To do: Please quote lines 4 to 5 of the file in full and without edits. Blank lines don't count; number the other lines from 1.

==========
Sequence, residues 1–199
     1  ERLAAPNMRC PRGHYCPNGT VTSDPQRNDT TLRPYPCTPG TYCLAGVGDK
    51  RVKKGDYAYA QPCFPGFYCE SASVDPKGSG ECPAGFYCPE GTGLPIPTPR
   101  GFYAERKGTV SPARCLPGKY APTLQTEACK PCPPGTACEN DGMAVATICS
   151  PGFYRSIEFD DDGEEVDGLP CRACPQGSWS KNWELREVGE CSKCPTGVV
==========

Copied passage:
   101  GFYAERKGTV SPARCLPGKY APTLQTEACK PCPPGTACEN DGMAVATICS
   151  PGFYRSIEFD DDGEEVDGLP CRACPQGSWS KNWELREVGE CSKCPTGVV